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The mission of Tanglewood Nature Center is to lead and support education and preservation efforts in our region to achieve a heightened awareness, understanding, enjoyment, and caring for our natural environment.

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For more than 40 years Tanglewood Nature Center has provided the opportunity for hands-on environmental education to hundreds of thousands of children from the Twin Tiers of NY and PA, and the Finger Lakes. In 2015, we taught a record-setting 20,000 community members in school and weekend programming! Our school programs are FOSS-aligned and help children from toddlerhood through their teens engage with the natural world and with science. From taking pond samples and identifying microbiotic life with third-graders, to discussing the dynamics of flight with our live hawks and owls with high school students, Tanglewood is making STEM exciting and accessible for thousands and thousands of kids a year.

One of our signature programs is the Meg Lowman Treetops Camp.

The Meg Lowman Treetops Camp is a summer science camp that has been held at Tanglewood for 10 years. It is named after Elmira native and world-renowned forest canopy researcher, Meg Lowman. Our target audience is primarily at-risk girls aged 9-12 who have shown their teachers or other adult mentors an interest in science. We provide tuition, food, supplies, and transportation for the week. Women scientists from colleges, businesses and other non-profits provide education in topics such as forest studies, wetlands, small mammal populations and more. We wrap up the week with real tree canopy climbing with Cornell Outdoor Education and a visit from Meg Lowman herself. We introduce young girls to nature and science in a safe and positive way with strong female teachers as role models, so they feel able, empowered, and excited to pursue science in the future.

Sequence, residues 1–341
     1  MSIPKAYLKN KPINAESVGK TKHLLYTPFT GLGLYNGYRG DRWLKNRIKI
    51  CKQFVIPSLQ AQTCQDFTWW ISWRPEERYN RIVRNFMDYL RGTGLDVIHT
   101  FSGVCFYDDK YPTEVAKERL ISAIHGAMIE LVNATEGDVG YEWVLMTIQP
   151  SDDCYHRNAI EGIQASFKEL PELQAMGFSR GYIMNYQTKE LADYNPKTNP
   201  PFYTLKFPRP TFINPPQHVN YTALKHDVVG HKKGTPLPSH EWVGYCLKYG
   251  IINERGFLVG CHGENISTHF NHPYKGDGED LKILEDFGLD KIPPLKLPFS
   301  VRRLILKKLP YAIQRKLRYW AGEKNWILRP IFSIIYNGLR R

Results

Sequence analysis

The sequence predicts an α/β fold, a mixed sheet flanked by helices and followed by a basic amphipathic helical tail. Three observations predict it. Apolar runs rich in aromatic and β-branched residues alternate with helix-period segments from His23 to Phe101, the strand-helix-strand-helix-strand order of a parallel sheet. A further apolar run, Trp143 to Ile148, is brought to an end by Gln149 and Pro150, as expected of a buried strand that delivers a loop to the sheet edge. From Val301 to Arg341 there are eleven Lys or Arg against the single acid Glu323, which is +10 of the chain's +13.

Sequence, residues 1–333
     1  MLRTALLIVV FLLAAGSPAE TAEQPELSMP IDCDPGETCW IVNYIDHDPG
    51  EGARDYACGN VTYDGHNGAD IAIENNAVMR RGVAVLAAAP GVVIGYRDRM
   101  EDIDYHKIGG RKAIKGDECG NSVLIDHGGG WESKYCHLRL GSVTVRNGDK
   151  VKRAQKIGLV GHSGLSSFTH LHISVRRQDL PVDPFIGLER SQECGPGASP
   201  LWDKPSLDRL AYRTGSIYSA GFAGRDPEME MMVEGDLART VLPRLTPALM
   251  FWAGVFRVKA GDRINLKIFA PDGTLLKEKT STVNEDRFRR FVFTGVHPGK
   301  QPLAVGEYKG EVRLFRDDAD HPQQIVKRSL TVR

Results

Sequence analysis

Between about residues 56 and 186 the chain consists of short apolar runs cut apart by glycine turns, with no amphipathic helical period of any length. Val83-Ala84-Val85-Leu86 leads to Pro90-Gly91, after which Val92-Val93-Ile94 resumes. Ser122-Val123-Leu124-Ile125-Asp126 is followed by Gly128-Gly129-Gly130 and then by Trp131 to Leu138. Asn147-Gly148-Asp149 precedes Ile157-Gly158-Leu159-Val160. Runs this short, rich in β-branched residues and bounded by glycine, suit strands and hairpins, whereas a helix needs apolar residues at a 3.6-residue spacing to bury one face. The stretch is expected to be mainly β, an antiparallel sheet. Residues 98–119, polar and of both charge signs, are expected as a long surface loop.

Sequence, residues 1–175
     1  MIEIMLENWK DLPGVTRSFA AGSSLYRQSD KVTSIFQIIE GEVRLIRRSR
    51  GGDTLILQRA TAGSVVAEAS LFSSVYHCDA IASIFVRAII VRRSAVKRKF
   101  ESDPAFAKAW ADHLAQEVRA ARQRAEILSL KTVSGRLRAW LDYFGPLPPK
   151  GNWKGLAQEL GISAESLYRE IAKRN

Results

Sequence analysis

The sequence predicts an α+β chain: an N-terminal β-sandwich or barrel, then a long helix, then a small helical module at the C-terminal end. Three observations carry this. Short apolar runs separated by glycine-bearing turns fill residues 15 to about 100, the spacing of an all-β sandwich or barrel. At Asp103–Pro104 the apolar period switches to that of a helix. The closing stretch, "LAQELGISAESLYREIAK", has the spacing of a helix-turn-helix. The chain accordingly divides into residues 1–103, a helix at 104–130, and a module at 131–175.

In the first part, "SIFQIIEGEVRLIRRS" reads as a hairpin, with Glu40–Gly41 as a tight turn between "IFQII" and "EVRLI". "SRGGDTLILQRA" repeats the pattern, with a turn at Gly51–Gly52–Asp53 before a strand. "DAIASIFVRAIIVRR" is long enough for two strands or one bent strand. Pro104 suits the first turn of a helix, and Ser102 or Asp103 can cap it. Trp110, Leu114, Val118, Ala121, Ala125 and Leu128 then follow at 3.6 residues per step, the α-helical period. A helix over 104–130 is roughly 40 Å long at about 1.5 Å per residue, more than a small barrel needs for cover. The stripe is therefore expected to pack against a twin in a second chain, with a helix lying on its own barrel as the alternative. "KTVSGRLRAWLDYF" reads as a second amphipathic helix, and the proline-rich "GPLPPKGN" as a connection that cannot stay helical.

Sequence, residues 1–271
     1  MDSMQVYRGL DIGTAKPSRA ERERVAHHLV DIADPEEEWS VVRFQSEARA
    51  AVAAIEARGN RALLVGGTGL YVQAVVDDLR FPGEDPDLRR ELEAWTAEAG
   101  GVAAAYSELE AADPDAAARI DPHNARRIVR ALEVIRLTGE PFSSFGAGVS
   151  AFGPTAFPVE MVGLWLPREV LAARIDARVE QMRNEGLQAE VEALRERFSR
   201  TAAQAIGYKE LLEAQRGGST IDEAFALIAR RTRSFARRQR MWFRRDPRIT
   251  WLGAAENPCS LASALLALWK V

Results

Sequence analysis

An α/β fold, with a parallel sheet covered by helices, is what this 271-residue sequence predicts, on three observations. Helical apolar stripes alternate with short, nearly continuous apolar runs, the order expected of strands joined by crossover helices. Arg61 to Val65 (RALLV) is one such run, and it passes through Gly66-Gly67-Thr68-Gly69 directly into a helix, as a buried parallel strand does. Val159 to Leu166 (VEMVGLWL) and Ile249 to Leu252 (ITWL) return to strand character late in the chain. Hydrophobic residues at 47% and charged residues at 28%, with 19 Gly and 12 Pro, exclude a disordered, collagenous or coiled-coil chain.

Our museum and our trails are free for the public to use. With over 40 species of animals to meet and over ten miles of trails to hike, there is always something new to notice both inside and outside. We keep our trails and our museum free to ensure that the public always has access to our preserved land. Our animal ambassadors have connected generations across our community, bringing together young and old in admiration of the majestic owls and falcon, enjoying the antics of the ferret and the tortoise, and learning from the adaptations of our native amphibians. Many of our animals are rescued - non-releasable rehabilitated wildlife. Our red-tailed hawk, for example, has overcome a wing injury and cannot fly well enough to survive in the wild, so we provide a safe permanent home for him, and in exchange he helps out with educational programming and is paid in mice!

Our 245 acres of land on Harris Hill preserve a variety of habitats - from field to forest to pond - and protect key habitat for threatened and vulnerable species, like the Timber Rattlesnake. Trails crossing through diverse habitats are for the public to freely use for hiking, running, snowshoeing, cross-country skiing, birdwatching and photography.